Emily Buchanan is a digital editor and writer living in Norwich, UK. As an ardent environmentalist, her specialities include sustainability, conservation and global politics. In the last few years, she’s been published by the Ecologist, UNICEF, Blue & Green Tomorrow and the ENN. For more information and regular updates, follow Emily on Twitter.
A forthcoming electric racing series proposes to boost electric car sales by showcasing just how fast, reliable and safe they are.
The FIA Formula E Championship launches in Beijing this September and will take place in ten different cities, including Los Angeles, Miami, Buenos Aires, Berlin and London. Boasting a number of high profile celeb backers, including Leonardo DiCaprio and Sir Richard Branson, Formula E has excellent intentions, but how will it fair?
How does Formula E work?
In the first season, all 10 teams will use the same car – a Spark-Renault SRT_01E that maxes out at 140mph and accelerates 0 – 62mph in 3 seconds.
After the first season, Formula E becomes an “open championship,” where teams can source their own vehicles. Organisers hope this’ll encourage the automotive industry to research and develop more electric vehicles, pushing the boundaries of current technology.
After all, due to technical limitations, the Spark-Renault has limited battery life and won’t be able to last the whole race. Drivers will have to stop halfway to charge up or switch to a second car – which could be a bit of a buzz kill.
Beijing is powerful city with a massive population – and a serious air pollution problem. It’s been predicted that as much as 30% of all CO² produced in Beijing comes from cars and last year, the city clocked up a hazardous Air Quality Index of 500 (150+ is considered unhealthy). In other words, it’s an environmental nightmare, so why has it been chosen as the launch base for such an eco-minded event?
Well, for starters, taking an all-electric race to the polluted streets of Beijing sends a very strong message to the government: it’s time to clean up. This is especially the case if Formula E captures the public’s imagination and creates a demand for electric vehicles, which is what organisers are hoping.
What’s more, China’s government is willing to cooperate. Premier Li Keqiang made this clear in his annual address at the National People’s Congress. “We will declare war against pollution and fight it with the same determination we battled poverty,” he said. “[Pollution is] nature’s red-light warning against the model of inefficient and blind development.”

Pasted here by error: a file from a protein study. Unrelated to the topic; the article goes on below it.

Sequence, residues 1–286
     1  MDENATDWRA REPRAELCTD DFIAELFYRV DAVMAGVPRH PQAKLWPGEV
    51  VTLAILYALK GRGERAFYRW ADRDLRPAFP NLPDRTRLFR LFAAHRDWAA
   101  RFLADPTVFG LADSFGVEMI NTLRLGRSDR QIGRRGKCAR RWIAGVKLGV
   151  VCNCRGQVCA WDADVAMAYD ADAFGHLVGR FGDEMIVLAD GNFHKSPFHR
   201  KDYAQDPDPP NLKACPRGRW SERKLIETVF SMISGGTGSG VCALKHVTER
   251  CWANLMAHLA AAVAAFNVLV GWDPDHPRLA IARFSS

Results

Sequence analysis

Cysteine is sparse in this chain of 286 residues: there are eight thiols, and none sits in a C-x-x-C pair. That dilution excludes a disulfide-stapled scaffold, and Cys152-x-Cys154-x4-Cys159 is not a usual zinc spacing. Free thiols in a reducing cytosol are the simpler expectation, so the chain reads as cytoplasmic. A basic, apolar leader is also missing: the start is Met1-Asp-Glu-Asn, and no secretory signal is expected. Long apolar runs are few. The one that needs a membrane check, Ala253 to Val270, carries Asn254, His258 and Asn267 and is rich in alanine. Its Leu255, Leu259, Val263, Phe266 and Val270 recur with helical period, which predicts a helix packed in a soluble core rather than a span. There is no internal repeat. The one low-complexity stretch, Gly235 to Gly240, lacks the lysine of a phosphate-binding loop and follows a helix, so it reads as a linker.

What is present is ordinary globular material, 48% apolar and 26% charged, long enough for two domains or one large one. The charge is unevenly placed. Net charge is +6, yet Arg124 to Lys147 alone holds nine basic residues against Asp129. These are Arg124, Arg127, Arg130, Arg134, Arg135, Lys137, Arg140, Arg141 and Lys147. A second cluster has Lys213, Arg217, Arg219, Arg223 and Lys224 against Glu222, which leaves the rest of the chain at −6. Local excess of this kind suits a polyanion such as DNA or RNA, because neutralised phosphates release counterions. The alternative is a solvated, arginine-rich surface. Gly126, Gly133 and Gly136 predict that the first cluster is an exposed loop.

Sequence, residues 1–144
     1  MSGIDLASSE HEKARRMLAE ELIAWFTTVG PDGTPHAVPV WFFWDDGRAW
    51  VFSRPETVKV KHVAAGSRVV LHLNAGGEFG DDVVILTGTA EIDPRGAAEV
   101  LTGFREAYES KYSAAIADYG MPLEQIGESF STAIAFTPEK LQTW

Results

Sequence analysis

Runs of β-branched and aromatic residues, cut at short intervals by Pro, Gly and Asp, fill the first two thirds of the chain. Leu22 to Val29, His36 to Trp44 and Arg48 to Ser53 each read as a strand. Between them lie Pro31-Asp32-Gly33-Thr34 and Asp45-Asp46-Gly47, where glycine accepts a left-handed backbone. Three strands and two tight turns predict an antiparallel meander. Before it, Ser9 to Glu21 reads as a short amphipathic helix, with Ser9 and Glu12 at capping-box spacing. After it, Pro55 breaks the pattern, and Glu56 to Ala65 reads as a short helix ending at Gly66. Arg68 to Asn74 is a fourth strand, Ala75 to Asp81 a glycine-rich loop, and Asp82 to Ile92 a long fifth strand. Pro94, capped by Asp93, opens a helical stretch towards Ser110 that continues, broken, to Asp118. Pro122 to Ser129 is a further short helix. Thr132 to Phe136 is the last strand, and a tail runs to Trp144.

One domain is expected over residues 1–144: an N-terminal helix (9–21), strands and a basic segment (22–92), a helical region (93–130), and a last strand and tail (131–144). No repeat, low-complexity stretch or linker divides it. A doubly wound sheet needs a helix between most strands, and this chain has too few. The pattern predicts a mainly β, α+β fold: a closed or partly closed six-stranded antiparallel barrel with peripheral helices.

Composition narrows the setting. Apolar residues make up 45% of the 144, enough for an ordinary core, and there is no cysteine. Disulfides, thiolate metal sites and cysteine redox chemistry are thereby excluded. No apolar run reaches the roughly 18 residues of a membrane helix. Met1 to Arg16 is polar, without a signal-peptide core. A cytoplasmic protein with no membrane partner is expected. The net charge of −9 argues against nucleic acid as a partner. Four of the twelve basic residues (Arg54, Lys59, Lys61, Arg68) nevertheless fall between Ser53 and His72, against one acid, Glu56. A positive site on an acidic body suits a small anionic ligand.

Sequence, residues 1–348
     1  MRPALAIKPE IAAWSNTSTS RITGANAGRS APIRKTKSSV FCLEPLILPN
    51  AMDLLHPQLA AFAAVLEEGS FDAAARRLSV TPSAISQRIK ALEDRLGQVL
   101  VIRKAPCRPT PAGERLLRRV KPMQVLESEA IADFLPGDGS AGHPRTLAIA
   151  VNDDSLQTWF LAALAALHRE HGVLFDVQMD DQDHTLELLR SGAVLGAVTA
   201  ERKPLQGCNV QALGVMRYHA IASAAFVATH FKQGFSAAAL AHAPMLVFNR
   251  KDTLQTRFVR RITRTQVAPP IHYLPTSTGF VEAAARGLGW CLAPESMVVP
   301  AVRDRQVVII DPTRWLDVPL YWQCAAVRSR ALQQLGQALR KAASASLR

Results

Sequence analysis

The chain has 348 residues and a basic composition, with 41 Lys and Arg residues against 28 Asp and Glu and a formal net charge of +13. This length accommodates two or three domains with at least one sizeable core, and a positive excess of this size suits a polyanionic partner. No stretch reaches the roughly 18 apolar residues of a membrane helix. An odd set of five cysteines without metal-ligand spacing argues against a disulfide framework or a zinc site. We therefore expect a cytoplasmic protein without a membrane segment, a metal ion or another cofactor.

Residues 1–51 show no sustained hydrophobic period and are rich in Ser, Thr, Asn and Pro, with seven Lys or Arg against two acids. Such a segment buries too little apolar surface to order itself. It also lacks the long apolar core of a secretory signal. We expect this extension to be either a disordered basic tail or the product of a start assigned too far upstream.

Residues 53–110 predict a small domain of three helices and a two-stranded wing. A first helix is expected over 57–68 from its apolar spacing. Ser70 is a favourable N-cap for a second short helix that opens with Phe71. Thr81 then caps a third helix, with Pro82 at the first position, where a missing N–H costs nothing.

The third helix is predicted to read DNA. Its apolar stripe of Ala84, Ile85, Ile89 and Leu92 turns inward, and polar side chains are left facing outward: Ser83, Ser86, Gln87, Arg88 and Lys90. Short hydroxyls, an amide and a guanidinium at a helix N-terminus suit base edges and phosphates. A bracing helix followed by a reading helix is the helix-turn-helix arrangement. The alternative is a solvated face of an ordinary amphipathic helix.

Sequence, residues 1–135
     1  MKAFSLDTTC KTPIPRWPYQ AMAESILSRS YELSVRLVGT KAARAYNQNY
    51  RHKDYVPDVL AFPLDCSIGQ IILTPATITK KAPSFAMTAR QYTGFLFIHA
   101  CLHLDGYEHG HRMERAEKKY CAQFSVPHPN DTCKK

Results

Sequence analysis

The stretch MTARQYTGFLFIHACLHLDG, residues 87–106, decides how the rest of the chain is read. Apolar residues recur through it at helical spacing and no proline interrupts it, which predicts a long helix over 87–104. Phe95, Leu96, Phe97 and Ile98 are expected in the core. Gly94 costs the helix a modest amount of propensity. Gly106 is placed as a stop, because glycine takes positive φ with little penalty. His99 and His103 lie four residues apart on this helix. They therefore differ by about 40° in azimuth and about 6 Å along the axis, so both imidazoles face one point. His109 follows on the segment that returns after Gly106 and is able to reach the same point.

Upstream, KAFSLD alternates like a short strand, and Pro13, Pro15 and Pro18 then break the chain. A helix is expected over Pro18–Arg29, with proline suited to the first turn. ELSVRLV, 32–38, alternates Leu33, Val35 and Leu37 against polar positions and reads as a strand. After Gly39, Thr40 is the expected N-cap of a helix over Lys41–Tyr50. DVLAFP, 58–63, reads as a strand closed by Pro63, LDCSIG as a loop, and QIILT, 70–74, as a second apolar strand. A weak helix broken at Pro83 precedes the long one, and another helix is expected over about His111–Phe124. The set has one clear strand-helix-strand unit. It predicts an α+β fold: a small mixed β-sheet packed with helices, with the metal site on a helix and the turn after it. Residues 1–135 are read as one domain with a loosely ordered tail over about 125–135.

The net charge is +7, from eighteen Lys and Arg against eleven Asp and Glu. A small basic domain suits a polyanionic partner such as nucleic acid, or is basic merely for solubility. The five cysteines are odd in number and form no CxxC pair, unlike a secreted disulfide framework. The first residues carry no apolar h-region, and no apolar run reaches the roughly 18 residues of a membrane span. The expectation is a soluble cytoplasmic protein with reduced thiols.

Need for Noise
A common criticism of electric vehicles is that they don’t make enough noise – making them death traps for those annoying pedestrians who listen for cars rather than looking.
More than that though, F1 fans believe the noise of the engine is an important part of the racing experience. Just recently Formula 1 encountered legal problems after it developed energy efficient engines that were quieter than their predecessors. According to the Australian Grand Prix, fans were unsatisfied with the muted tones which meant that Formula 1 was in breach of contract.
Ingeniously, Formula E plans to counter-balance this need for noise with an interactive element that lets fans directly influence the course of the race. “Push-to-Pass” gives fans the ability to decide which driver gets a power boost by voting for them on social media. While many Formula 1 fans are sceptical, Formula E seems confident that it will be a success.
What impact will it have?
The environment is at the top of Formula E’s agenda. “One of the most important elements of the FIA Formula E Championship, and the aspect that makes it so unique compared to other motorsport series, is its commitment to tackling environmental issues,” reads the website. But how successfully will it tackle these issues?
According to an impact report commissioned by Formula E, the racing series will contribute to the sale of 77 million electric vehicles between 2015 and 2040. This will generate €142 billion, increase the EV market share by 17%, create 42,000 permanent jobs, improve the quality of city life, save €25 billion in healthcare costs, save 4 billion barrels of oil and avoid 900 million tonnes of CO²!
However, compared to the current climate, these figures seem quite idealistic. As Gerry Bucke from Adrian Flux Insurance Services writes, “Electric vehicles are still considered a niche purchase. Despite improved sales figures last year, they need a significant profile boost before they can enter the mass-market.”
All being well, Formula E will provide that much needed boost. With several international investors, including Renault, McLaren, Qualcomm, Michelin, and Sir Richard Branson’s Virgin group, Formula E is primed for the international stage. With any luck, it will be fully embraced by the motorsports industry and prove an overnight success for the reputation of electric vehicles and the wider environmental objectives that they represent.
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